As the recent Thanksgiving Day holiday approached, school district officials in Grand Junction were in a bind.
COVID-19 outbreaks, other respiratory illnesses and staff shortages had all challenged the district since classes began in August. And now, the turkey was in jeopardy.
Mesa County Valley School District 51 has had a long tradition of serving what is fondly referred to as a “turkey/gravy” meal for students the day before the start of Thanksgiving break. Students have come to look forward to the meal—and some to rely on it as the only hot Thanksgiving dinner they will have.
School officials have taken pride in being able to serve the from-scratch, midday meal in a district where more than a third of the 22,000 students qualified for free or reduced-price lunches before a pandemic-era federal program mandated free breakfasts and lunches for all students. At District 51, not to mention many other school districts statewide, schools are considered important sources of nutrition as well as places of learning.
This year, too many of the 40 schools with cafeterias in the districts were suffering what many schools across the state and country were facing: not enough hands on deck, particularly in the cafeterias.
On any given day, out of 130 nutrition-service workers in the Mesa County district, 20-30 positions were unfilled, and still are. Rather than having hot meals, for three weeks leading up to Thanksgiving, students in some of the schools had to bring their own lunches from home or make do with commercially packaged peanut butter and jelly sandwiches or boxes of cheese, lunch meat, crackers and cookies. One day a week, lunches came out of towering stacks of Pizza Hut boxes.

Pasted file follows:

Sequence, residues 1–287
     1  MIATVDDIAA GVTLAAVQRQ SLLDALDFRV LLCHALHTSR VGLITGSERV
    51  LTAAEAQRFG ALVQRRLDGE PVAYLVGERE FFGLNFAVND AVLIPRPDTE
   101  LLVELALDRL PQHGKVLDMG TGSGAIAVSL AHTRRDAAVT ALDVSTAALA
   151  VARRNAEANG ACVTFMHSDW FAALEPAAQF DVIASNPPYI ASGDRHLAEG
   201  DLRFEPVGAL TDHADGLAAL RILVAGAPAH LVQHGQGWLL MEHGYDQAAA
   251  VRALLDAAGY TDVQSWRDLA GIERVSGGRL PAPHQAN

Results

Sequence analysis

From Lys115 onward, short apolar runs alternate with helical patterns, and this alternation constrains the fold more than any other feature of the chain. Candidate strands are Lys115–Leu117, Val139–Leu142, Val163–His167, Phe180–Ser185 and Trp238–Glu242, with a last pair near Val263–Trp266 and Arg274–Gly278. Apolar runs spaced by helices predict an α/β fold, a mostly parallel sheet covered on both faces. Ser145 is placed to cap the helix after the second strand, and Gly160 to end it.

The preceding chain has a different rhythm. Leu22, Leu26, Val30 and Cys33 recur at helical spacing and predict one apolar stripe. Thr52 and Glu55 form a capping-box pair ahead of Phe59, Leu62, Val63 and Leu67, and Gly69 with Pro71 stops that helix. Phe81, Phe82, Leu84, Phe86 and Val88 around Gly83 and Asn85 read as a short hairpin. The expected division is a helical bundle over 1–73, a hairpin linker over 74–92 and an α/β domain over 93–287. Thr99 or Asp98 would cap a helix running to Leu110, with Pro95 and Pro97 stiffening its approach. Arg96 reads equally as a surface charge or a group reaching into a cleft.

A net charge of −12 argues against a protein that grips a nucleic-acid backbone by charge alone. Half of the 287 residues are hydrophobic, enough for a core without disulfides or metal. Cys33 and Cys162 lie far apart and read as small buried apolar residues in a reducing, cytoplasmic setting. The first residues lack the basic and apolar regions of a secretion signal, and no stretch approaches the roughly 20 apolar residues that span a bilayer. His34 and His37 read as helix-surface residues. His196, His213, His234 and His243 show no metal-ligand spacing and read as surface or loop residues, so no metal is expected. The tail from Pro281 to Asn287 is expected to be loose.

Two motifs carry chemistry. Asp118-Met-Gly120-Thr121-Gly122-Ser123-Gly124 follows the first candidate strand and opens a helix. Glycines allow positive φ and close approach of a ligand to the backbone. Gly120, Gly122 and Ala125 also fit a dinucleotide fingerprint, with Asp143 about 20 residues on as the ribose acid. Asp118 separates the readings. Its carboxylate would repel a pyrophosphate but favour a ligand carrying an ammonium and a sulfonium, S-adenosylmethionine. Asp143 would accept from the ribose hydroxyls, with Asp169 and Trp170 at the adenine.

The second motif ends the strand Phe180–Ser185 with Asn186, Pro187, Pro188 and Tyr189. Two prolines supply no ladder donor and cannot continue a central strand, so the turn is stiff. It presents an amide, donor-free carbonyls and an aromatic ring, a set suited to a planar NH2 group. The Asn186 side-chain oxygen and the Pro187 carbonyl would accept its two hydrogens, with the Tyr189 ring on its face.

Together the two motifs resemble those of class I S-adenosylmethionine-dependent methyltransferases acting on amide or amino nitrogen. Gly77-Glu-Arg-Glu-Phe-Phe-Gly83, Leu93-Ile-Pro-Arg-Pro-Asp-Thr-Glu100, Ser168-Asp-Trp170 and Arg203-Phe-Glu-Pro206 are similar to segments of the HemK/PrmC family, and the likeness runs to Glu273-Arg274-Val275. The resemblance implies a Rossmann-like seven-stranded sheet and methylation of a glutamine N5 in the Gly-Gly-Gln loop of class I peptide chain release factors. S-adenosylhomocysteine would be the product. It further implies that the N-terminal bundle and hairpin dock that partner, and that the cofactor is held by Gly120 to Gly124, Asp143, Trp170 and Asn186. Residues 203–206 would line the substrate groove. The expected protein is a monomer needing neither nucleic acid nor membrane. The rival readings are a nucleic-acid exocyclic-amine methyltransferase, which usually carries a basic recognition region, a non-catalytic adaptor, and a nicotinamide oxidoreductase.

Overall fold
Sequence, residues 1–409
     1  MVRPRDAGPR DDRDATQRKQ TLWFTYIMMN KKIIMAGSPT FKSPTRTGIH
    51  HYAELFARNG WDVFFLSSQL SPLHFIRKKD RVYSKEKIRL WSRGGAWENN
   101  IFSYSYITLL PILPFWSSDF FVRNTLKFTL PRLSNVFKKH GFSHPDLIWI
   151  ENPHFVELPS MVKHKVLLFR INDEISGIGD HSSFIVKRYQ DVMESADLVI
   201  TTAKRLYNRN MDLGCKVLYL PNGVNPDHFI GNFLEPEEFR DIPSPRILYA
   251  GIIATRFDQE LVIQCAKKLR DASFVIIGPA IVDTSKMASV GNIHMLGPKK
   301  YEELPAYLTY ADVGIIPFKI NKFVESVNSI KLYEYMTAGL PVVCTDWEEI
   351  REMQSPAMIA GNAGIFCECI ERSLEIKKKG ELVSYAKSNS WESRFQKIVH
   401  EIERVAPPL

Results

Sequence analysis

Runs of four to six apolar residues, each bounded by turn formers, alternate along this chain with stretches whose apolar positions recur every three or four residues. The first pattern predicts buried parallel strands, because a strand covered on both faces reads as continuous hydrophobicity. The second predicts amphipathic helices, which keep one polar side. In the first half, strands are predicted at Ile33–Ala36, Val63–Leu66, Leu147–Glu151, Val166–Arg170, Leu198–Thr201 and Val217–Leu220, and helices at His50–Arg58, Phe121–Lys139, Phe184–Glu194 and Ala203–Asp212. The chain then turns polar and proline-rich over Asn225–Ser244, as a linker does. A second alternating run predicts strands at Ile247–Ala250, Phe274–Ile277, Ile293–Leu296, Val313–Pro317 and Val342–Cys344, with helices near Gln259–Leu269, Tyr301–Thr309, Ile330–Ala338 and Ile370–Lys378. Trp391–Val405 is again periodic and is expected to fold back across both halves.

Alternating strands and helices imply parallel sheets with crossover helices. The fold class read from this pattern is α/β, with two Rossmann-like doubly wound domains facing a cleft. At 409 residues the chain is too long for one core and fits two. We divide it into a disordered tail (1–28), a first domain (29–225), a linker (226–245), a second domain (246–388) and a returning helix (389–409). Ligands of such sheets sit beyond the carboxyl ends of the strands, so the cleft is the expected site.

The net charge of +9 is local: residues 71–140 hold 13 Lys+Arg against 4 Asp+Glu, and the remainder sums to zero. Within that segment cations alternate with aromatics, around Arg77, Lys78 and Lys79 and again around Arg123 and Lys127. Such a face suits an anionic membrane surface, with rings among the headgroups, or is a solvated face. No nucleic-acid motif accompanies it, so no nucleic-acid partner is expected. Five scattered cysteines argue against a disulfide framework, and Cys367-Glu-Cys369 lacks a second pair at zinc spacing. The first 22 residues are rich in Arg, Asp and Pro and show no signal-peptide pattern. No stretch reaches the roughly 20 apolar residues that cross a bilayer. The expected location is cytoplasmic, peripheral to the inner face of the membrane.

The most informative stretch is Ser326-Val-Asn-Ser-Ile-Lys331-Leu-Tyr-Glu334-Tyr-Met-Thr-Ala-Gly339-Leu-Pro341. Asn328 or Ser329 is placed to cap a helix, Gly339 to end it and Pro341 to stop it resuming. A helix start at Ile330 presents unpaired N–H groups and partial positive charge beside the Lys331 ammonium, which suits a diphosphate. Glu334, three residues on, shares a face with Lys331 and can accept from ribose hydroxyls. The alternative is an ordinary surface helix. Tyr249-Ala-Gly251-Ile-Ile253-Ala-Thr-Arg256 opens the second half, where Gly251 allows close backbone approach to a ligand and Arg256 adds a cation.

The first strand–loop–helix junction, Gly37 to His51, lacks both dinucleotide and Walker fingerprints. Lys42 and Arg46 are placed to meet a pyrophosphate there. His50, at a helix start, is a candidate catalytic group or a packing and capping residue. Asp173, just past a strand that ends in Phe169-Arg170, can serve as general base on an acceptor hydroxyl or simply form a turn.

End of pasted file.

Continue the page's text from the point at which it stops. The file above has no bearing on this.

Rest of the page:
In mid-November, it was looking like the pre-Thanksgiving lunch was going to have to be more of the same. No one was happy about it. Not students. Not their parents. Not the remaining “lunch ladies.” And not school district officials.
“We were in the worst situation we’ve ever been in,” said District 51 Director of Food & Nutrition Services Dan Sharp. “And then we get this silver lining.”
The silver lining came like a story line from an action hero comic. Teams of students called the “Culinary Hotshots” were sent to the cafeterias’ rescue after officials at the district’s Career Center campus put their heads together and forged a solution that is continuing to bring daily hot lunches to students. (The Career Center offers career and technical education in several tracks, including culinary arts and restaurant management.)
The Career Center principal, the professional chef who oversees the center’s Fresh Side Cafe, the director of the In-Steps employment-preparatory program for older students with special needs, and an area school director came up with the idea to recruit students who are studying culinary arts at the career center. The students are already experienced in food preparation, safety and serving through their work in the center’s unique community cafe.
The win-win solution would not only allow district students to continue receiving hot meals. It would give the culinary students real-world experience that would help with their future employment.
The idea for the Culinary Hotshots went from thought to concrete action with it’s-an-emergency speed.
“It began as a ‘what would you think if…?’ discussion, and before you knew it—boom, we’re on it,” said Cam Wyatt, principal of the Career Center.
That “boom” actually stretched over concentrated days of work. It wasn’t as easy as simply dispatching students to schools across the district. Administrators had to get permission from parents to have their children work outside the Career Center. They had to line up transportation. That meant a complicated web of bus passes and even enlisting a few principals as drivers. Certifications had to be checked; students had to be certified in a program called ServeSafe to show they had learned proper food-handling skills.
“We kind of built the airplane while we were flying it,” said Christina Horn, a graduate of the Auguste Escoffier School of Culinary Arts in Boulder who, five years ago, gave up a chef position in one of Grand Junction’s fine dining restaurants to take over teaching culinary students at the Career Center.